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356A 1600 (616/1) T1 Cabriolet by Reutter
The first 356 was road certified in Austria on June 8, 1948, and was entered in a race in Innsbruck where it won its class. Porsche re-engineered and refined the car with a focus on performance. Fewer and fewer parts were shared between Volkswagen and Porsche as the '50's progressed. The early 356 automobile bodies produced at Gmünd were handcrafted in aluminum, but when production moved to Zuffenhausen, Germany in 1950, models produced there were steel-bodied. Looking back, the aluminum bodied cars from that very small company are what we now would refer to as prototypes. Porsche contracted with Reutter to build the steel bodies and eventually bought the Reutter company in 1963. The Reutter company retained the seat manufacturing part of the business and changed its name to Recaro.
Little noticed at its inception, mostly by a small number of auto racing enthusiasts, the first 356s sold primarily in Austria and Germany. It took Porsche two years, starting with the first prototype in 1948, to manufacture the first 50 automobiles. By the early 1950s the 356 had gained some renown among enthusiasts on both sides of the Atlantic for its aerodynamics, handling, and excellent build quality. The class win at Le Mans in 1951 was clearly a factor. It was always common for owners to race the car as well as drive them on the streets. They introduced the four-cam racing "Carrera" engine, a totally new design and unique to Porsche sports cars, in late 1954. Increasing success with its racing and road cars brought Porsche orders for over 10,000 units in 1964, and by the time 356 production ended in 1965 approximately 76,000 had been produced.
The 356 was built in four distinct series, the original ("pre-A"), followed by the 356A, 356B, and then finally the 356C. To distinguish among the major revisions of the model, 356's are generally classified into a few major groups. 356 coupes and "cabriolets" (soft-top) built through 1955 are readily identifiable by their split (1948 to 1952) or bent (centre-creased, 1953 to 1955) windscreens. In late 1955 the 356A appeared, with a curved windshield. The A was the first road going Porsche to offer the Carrera 4 cam engine as an option. In late 1959 the T5 356B appeared; followed by the redesigned T6 series 356B in 1962. The final version was the 356C, little changed from the late T-6 B cars but with the (seemingly all-important) disc brakes all around.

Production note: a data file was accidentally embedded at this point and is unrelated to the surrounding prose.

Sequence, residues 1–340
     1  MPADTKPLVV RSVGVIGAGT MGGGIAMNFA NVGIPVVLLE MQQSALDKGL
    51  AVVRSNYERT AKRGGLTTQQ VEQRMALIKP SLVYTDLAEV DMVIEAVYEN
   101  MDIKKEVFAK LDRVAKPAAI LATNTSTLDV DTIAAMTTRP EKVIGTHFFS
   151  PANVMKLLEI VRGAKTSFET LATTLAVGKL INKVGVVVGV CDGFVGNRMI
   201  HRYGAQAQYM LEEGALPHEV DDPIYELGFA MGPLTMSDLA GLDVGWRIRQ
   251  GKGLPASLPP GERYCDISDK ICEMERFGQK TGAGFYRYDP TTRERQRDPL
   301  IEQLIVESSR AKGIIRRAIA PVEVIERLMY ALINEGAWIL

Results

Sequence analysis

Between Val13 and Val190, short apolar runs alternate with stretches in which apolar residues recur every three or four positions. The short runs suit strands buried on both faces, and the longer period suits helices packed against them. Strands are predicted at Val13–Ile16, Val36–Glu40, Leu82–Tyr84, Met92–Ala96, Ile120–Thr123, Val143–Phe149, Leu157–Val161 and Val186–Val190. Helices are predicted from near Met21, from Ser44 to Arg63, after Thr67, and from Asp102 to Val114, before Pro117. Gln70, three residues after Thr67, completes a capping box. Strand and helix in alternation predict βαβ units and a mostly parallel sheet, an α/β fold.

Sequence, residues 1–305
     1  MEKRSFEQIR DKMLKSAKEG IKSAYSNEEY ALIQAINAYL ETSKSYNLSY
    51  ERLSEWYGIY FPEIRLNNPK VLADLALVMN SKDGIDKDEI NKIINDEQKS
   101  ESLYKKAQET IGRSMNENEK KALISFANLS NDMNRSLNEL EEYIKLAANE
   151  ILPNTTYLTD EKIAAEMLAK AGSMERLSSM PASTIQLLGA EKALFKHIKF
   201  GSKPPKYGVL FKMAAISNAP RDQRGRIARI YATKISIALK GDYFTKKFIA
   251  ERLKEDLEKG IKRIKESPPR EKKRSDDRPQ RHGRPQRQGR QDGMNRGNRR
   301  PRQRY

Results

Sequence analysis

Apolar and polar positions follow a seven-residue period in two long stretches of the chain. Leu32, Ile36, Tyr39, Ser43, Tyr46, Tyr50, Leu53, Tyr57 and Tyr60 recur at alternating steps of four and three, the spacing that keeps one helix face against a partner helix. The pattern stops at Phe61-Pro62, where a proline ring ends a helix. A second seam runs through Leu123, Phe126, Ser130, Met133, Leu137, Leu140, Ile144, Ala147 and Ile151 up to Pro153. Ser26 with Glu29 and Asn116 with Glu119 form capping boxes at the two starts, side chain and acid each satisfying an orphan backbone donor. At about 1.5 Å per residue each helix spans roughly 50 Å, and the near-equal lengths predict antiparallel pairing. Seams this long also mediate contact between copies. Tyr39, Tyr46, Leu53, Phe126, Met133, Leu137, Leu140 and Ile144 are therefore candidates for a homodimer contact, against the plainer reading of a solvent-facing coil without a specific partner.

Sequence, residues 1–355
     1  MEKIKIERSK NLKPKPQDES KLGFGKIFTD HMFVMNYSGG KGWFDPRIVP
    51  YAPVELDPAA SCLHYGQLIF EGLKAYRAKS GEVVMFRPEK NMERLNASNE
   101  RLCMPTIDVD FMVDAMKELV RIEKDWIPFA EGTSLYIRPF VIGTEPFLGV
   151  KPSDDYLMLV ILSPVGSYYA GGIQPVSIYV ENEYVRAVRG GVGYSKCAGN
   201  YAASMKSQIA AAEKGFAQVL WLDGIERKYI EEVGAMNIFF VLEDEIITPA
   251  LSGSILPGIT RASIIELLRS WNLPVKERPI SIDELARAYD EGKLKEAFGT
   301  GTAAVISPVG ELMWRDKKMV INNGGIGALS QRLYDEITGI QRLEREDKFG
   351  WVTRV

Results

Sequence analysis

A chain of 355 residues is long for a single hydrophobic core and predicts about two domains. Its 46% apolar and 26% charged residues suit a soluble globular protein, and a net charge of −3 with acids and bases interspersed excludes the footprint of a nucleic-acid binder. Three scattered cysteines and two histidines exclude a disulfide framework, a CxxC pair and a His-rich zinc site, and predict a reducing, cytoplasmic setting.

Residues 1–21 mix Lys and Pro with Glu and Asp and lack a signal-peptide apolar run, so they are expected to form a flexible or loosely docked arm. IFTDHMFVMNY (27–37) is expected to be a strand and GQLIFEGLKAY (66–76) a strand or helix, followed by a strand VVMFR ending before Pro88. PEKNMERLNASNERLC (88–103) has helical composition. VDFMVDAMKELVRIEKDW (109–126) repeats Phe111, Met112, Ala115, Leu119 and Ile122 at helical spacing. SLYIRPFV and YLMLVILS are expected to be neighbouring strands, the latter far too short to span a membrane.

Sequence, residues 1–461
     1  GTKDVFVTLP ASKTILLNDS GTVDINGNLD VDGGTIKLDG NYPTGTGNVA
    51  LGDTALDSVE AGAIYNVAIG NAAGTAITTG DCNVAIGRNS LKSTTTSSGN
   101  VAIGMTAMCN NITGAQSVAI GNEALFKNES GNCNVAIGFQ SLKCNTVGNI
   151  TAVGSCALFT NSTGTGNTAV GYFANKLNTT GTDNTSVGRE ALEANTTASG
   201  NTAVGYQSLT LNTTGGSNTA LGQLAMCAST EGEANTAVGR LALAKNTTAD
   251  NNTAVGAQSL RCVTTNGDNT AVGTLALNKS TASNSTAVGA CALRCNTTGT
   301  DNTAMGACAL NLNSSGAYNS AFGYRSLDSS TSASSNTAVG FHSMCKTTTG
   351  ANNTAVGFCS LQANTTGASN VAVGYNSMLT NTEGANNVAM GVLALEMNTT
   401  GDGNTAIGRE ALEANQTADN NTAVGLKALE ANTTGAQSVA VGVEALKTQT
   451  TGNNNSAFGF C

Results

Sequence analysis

Prior to completion of 356 production, Porsche had developed a higher-revving 616/36 version of the 356's four-cylinder pushrod engine for installation in a new 912 model that commenced production in April 1965. Although the 912 utilized numerous 356 components, it would not be accurate to say that Porsche intended the 912 to replace the 356. When the decision was made to replace the 356, the 901 [later 911] was the road car designed to carry the Porsche name forward. Rather the 912 was developed as the "standard version" of the 911 at the 17,500DM price of a 356SC, while the complex but faster and heavier six-cylinder 911 would be priced more than fifty percent higher. Enthusiasts purchased nearly 33,000 912 coupes and Targas powered by the Type 616 engine that had served Porsche so well during the 356 era.
The car was built of a monocoque (unibody) construction, making restoration difficult for cars that were kept in rust-prone climates. The basic design of the 356 remained the same throughout its lifespan, with evolutionary, functional improvements rather than annual superficial styling changes. Nevertheless a variety of models in both coupé and convertible forms were produced from 1948 through 1965.
Porsche’s first series-produced 356 Cabriolets appeared in 1950, with Karrosseriewerk Reutter building five examples and Gläser of Dresden issuing another 33. Production amped up the following year, with Reutter assuming all 356 Cabriolet production in 1954 and continuing production through to the end of the 356 series in 1965. As it was both luxurious and expensive, the model enjoyed popularity with touring drivers, and its fixed windshield, multi-layered folding top, and fully bolstered seats made it a comfortable choice for all-day cross-country travel.